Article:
Employee: Linda Myers
Employer: M.B.T.A.
Self-Insurer: M.B.T.A.
Board No.: 030605-01

(Judges Horan, Carroll and Costigan)

William J. Branca, Esq., for the employee
Ronald St. Pierre, Esq., for the self-insurer

HORAN, J. The self-insurer appeals from a decision awarding the employee § 34 benefits due to a work-related aggravation of her pre-existing bladder infirmity. The self-insurer contends the judge failed to make findings pertinent to the applicable causal relationship criteria, [1]and that the award is unsupported by the medical evidence. We agree the judge failed to expressly address the § 1(7A) issue, but we nevertheless affirm the decision, as the medical evidence adopted met the proper standard.

The employee worked for the employer as a bus driver. In April of 2001, she took medical leave to undergo bladder surgery for a condition unrelated to work; she was out of work for six weeks. (Dec. 142.) On August 15, 2001, the employee was driving a defective bus, which tossed her from her seat as it traveled over bumpy roads. The jostling caused the seat belt to irritate her surgical scar, resulting in renewed abdominal pain. As a result, she left work. She did not return until October 23, 2001, after receiving medical clearance. (Dec. 143.)

The self-insurer denied the employee's claim for workers' compensation benefits. After her claim was denied at conference, the employee appealed to a full evidentiary hearing. The self-insurer cited § 1(7A) in defense of the claim. (Dec. 140.) The impartial medical examination was waived, as the employee sought a closed period of weekly incapacity benefits. [2] (Dec. 142.) The parties submitted medical evidence in the form of reports and depositions. (Dec. 141.) The judge credited the testimony of the employee's treating urologist, Dr. Vernon Pais. (Dec. 145.) Although listing it as an issue in his hearing decision, the judge failed to mention § 1(7A) in his general findings. [3] Id.

The self-insurer contends that Dr. Pais's causation opinion was confusing and insufficient as a matter of law, under § 1(7A), to support the award of benefits. We disagree. Dr. Pais testified as follows:

Q: Doctor, do you have an opinion, based on reasonable medical certainty, as to whether this event involving the bus that you described having occurred on August 15 . . . whether that event caused or aggravated an underlying condition and caused her to be disabled?

A: I certainly think that it aggravated a recently healing wound. It might not have affected me or you if you don't have any surgery, and I think it definitely aggravated - if a person never had surgery, a bouncing seat might not affect us that badly, but someone that had, you know, surgery, the healing phase, I think that definitely contributed to her discomfort, injury, and disability.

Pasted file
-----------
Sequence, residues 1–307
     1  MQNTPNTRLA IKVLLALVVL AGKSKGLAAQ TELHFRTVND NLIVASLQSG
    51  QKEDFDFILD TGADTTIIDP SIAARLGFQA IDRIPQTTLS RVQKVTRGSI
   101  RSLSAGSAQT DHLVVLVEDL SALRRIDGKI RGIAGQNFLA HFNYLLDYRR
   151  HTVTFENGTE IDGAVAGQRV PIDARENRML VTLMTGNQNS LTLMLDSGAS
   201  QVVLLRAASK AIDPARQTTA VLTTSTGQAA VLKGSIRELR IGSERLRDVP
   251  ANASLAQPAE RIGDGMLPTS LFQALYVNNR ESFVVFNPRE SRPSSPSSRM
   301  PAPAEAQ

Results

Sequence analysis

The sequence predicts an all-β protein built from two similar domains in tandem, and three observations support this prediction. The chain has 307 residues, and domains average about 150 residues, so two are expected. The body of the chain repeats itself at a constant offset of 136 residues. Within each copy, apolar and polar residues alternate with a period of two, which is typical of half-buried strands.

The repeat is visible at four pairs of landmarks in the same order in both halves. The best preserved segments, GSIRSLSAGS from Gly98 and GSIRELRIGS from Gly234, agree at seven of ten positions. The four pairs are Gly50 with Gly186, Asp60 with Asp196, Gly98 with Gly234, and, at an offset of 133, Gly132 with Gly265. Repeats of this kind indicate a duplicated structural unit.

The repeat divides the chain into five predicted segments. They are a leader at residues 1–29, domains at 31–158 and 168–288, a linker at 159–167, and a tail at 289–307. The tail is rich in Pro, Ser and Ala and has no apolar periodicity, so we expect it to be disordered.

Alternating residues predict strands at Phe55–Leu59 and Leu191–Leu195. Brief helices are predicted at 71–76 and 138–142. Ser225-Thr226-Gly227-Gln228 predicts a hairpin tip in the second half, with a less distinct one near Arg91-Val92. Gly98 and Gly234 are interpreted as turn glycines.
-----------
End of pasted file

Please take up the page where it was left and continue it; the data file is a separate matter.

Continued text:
Q: Is that the significant reason why she was out of work?

A: Yes.

(Dep. 17.)

Q: I want to direct your attention to this question, Number 5, where it states, "What is the major but not necessarily predominant cause of the patient's disability." Could you tell us what your answer was for that?

A: "Recent surgery for stress urinary incontinence."

(Dep. 26.)

The two statements are consistent. Only one cause can be " the major" cause, because use of the definite article "the" means that the cause is greater in importance than all others. However, "the significant reason," or cause, of a disability is one that can logically coexist with "the major" cause. This is because significant means "notable" or "meaningful." American Heritage Dictionary, 2 nd College Edition (1985). We also note that Dr. Pais opined the employee's experience with the faulty bus caused a "new injury," and he further testified: "So I think that what I'm saying, the predominant cause is new injury . . . ." (Dep. 28.) Cf. Brooks v. Labor Mgt. Servs., 10 Mass. Workers' Comp. Rep. 575, 580 (1997) (internally inconsistent opinion of § 11A physician could not be accorded prima facie force; additional medical evidence mandated due to inadequacy).

We view Dr. Pais's testimony concerning causation as legally sufficient for § 1(7A) purposes. In Siano v. Specialty Screw & Bolt, Inc., 10 Mass. Workers' Comp. Rep. 237, 240 (1996), we held that "a significant cause" was the legal equivalent of "a major cause" for § 1(7A) purposes. Therefore, the phrase "the significant" cause must also, logically, suffice to satisfy the requisite standard. See also Cross v. Beverly Rehabilitation, 17 Mass. Workers' Comp. Rep. 241, 243 (2003).

The self-insurer's second argument on appeal is not meritorious, as there was a great deal of medical evidence supplied by Dr. Pais supporting the employee's disability from August 16, 2001 to October 22, 2001. (Dep. 14-19.)

The decision is affirmed. Pursuant to § 13A(6), employee's counsel is awarded a fee of $1,312.21.

So ordered.

Mark D. Horan
Administrative Law Judge

Martine Carroll
Administrative Law Judge

Patricia A. Costigan
Administrative Law Judge

Filed: January 28, 2005

[1]The insurer raised § 1(7A) in defense of the employee's claim. That section provides, in pertinent part:

If a compensable injury or disease combines with a pre-existing condition, which resulted from an injury or disease not compensable under this chapter, to cause or prolong disability or a need for treatment, the resultant condition shall be compensable only to the extent such compensable injury or disease remains a major but not necessarily predominant cause of disability or need for treatment.

(Emphasis added.)

[2] See 452 Code Mass. Regs. § 1.02.

[3] We prefer administrative judges to make explicit findings in hearing decisions on all issues raised. However, in this case, the judge's error is harmless, as the credited medical evidence of record supports his sub silentio rejection of the § 1(7A) defense.